This Grantmaker Funds Humans Who Critique Art Made By Machines (Kind of Weird, Right?)

When we first came across news that the Santa Fe-based Thoma Foundation gave this year’s Arts Writing Awards in Digital Art to Christiane Paul and Nora Khan, our first thought, naturally, was "Isn't the term 'digital art' an oxymoron?"

We were comforted to know we weren't alone—if by "not alone" you mean someone else on the Internet had the same question.

Now, we won't go into the arguments why digital art is an oxymoron for two reasons. One, you're not here to be lectured on art theory. (Although we do find this argument particularly persuasive: "Art is generally assumed to be 'created' by human beings manipulating physical media or instruments, while digital activities are thought to be semi-automated machine-generated operations.")

And two—and more importantly—it doesn't really matter. Our protestations are irrelevant, antiquated. As evidenced by the Thoma Foundation grant, digitial art isn't going anywhere. What's more, the recent round of grants aren't even for the creators of digital art, but "writers who have made significant contributions to criticism about digital art."

Paul, an adjunct curator of new media arts at the Whitney Museum and an associate professor and associate dean at the New School’s media studies department, will receive $40,000, $10,000 of which is a project grant. This week, she released A Companion to Digital Art, a 632-page book that offers an "up-to-the minute account of digital art’s history." (No word if a reference to this post will be included in the book.)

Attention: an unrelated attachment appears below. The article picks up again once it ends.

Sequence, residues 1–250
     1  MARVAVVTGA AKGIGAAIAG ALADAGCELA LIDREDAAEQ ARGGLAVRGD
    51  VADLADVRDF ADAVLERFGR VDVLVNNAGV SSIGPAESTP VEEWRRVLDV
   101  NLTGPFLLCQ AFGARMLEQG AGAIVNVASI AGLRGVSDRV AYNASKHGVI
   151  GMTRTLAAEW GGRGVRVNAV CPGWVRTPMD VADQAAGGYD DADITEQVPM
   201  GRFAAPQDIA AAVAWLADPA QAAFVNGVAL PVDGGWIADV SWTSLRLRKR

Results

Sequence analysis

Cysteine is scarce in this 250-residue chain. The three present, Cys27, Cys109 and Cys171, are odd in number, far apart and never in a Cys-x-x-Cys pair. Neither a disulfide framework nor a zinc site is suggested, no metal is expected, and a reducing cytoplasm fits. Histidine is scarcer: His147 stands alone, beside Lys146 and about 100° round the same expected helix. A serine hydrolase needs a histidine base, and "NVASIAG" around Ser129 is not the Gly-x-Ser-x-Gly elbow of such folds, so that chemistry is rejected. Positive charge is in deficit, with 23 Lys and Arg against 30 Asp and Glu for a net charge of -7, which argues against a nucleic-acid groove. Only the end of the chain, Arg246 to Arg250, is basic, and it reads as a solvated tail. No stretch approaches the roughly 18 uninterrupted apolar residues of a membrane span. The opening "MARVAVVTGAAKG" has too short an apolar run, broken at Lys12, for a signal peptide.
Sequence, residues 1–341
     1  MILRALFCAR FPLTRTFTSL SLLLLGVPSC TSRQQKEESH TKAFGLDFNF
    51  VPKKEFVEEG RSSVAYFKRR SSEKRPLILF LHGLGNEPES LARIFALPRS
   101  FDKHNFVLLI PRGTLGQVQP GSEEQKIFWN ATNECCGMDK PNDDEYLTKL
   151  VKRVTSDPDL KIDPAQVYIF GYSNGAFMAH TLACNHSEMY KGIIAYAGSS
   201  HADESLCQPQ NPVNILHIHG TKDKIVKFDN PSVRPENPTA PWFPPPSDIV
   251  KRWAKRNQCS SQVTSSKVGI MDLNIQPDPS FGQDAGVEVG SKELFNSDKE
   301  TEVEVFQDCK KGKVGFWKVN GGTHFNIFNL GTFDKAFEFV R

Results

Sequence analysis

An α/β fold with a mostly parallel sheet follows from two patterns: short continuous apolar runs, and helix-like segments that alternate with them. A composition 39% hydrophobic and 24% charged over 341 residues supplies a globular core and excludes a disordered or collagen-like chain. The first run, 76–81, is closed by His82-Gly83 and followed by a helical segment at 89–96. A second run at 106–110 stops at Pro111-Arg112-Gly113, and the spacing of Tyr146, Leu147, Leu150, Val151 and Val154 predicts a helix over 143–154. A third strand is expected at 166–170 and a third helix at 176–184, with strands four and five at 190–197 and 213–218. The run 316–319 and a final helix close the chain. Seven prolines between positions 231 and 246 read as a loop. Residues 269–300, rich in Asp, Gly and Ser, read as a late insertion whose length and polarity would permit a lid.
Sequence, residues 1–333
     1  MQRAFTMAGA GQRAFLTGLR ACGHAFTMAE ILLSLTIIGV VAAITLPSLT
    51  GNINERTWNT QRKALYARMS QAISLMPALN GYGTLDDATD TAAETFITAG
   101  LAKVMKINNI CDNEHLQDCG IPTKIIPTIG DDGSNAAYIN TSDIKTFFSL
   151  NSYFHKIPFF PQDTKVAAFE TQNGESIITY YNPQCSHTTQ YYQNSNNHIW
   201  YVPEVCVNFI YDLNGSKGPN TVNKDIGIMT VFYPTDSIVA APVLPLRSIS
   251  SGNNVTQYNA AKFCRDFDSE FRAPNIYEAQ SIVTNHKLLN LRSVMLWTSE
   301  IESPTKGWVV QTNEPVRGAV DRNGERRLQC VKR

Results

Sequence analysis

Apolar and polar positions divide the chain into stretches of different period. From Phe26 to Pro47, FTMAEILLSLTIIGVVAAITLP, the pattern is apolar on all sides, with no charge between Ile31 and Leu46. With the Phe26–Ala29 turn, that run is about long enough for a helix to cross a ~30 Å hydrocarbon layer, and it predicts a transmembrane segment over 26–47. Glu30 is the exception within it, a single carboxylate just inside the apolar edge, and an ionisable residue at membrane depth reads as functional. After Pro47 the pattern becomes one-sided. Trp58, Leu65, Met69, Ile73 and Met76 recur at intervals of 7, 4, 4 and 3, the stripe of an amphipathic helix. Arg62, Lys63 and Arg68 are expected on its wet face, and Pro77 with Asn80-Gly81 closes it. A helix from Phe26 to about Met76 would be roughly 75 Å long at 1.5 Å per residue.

Meanwhile, Khan's award includes $20,000, $5,000 of which is a project grant. Khan is a contributing editor at Rhizome—recently name-dropped on IP here—and her writing has appeared on that site, Dis magazine, and Kill Screen, among other online and print publications.

And what about the Thoma Foundation? Well, in addition to the digital art writing awards, now in its second year, the grantmaker offers a research fellowship in 20th century abstract painting. It also provides support to organizations in the form of artwork loans—the Art Institute of Chicago, for example, is currently exhibiting some of the foundation's pieces—and grants for various art-related projects. 

By "projects" the foundation means academic programs, exhibitions, lectures, symposia, and publications that provide "promising new insights into the fields of art in which we collect." For more information along these lines click here.

Our prediction? The field of digital art will expand to the point that in six years or so, an IP algorithm will write a post looking at how another algorithm won an award after writing, among other things, a scathing critique of a piece of digital art created by yet another algorithm.

The algorithmic critic's main point of contention? The work was "a bit too cold and mechanical," of course.

Meanwhile in related grant news, check out the Arts Writers Grant Program, courtesy of the Andy Warhol Foundation and Creative Capital, which supports writers whose work addresses contemporary visual art through project-based grants, ranging from $5,000 to $50,000, issued directly to twenty individual authors a year.